Sunday, February 05, 2006

Bush' latest venture, "Spies-R--Us" appears to be a bust

Unless, of course, Al Qaeda is not the intended target of the wiretaps.

Who does Karl Rove hate? Democrats, whom he blames for the downfall of his hero, tricky Dick. He probably hates old hippies and Vietnam Vets with long hair as well, but he has no time for them, really. At least, not yet...that we know of.

Who does Cheney hate? Democrats, Libruls and Journalists who are not on the White House payroll.

Who does the entire Bushite clan hate with a pathological furor; the press and, I would bet, the American people in general because we ousted Poppy for that obvious adulterer, Bill Clinton in '92.

Who does Bush try to ignore right out of existence; other than Kim Il whatever and that nutcase in Iran? Protesters, dissenters of all kinds. Whistle-blowers, when they are not whistling his tune. If they cannot be ignored, they are verbally and psychologically pummeled by the Rovian Smear Machine.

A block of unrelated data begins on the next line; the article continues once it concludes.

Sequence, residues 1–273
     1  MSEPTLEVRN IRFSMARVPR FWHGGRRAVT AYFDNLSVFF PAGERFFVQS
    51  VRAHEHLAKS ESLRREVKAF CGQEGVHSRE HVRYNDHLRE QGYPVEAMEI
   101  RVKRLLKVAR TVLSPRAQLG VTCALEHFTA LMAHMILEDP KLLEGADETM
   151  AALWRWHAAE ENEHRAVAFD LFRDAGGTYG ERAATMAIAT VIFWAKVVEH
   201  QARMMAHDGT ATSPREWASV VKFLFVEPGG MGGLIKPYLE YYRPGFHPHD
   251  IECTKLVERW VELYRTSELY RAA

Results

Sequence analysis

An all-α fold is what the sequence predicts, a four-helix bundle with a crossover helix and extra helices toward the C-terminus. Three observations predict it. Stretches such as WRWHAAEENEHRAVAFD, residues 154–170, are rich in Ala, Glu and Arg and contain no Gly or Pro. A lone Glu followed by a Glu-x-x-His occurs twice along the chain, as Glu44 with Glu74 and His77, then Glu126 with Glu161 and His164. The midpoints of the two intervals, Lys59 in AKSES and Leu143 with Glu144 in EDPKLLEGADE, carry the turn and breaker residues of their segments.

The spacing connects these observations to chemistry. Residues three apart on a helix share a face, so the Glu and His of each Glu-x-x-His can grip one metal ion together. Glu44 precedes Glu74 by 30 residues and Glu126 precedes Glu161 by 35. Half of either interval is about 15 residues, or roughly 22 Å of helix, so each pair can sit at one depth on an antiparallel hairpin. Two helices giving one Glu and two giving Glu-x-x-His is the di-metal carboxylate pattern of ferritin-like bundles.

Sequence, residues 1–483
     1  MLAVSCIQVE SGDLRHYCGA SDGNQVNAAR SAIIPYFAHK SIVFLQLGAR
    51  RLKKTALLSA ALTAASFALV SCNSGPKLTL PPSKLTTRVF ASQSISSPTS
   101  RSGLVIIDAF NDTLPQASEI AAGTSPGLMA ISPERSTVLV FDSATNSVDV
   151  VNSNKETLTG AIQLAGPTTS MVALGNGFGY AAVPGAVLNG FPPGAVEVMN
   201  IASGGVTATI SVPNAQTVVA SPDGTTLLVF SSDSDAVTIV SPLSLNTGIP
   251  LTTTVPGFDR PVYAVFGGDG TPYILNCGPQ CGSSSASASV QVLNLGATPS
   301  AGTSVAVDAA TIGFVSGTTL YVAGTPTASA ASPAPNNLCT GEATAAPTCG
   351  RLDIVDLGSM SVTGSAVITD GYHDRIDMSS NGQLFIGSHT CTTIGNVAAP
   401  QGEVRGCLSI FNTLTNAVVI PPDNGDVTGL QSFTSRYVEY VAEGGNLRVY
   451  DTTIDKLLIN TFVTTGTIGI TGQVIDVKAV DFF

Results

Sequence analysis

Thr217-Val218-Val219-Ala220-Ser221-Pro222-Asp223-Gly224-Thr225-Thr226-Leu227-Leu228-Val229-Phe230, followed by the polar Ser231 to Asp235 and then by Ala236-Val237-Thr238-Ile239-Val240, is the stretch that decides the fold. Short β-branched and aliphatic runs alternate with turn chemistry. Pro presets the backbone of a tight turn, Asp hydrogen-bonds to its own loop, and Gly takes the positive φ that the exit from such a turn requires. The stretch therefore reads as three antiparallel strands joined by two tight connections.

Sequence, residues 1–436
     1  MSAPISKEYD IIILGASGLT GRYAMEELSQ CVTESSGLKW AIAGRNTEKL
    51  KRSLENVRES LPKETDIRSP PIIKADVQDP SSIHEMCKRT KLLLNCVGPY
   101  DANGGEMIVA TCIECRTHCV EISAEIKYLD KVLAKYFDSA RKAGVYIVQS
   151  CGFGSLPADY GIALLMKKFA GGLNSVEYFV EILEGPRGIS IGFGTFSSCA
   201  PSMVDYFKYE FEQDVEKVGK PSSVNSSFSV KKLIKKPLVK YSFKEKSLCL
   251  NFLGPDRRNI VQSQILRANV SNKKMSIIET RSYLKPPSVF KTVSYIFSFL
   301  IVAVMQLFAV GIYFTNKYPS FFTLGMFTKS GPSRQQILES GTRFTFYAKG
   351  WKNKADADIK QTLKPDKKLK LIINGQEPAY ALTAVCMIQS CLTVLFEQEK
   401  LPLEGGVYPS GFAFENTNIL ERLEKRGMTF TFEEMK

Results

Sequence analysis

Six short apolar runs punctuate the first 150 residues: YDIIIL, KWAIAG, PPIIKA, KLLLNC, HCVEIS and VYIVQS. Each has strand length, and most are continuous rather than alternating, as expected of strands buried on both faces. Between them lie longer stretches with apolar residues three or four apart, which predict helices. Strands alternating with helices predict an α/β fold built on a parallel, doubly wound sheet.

I would be willing to bet my next paycheck that every elected official and news media type in Washington are wondering what the president (Cheney, whoever) knows about them, and when he knew it?

I can remember when the people in Washington felt the same way about old J. Edgar.

NSA's Hunt for Terrorists Scrutinizes Thousands of Americans, but Most Are Later Cleared

By Barton Gellman, Dafna Linzer and Carol D. Leonnig
Washington Post Staff Writers
Sunday, February 5, 2006; Page A01

Intelligence officers who eavesdropped on thousands of Americans in overseas calls under authority from President Bush have dismissed nearly all of them as potential suspects after hearing nothing pertinent to a terrorist threat, according to accounts from current and former government officials and private-sector sources with knowledge of the technologies in use.

Bush has recently described the warrant-less operation as "terrorist surveillance" and summed it up by declaring that "if you're talking to a member of al Qaeda, we want to know why." But officials conversant with the program said a far more common question for eavesdroppers is whether, not why, a terrorist plotter is on either end of the call. The answer, they said, is usually no.

Read On


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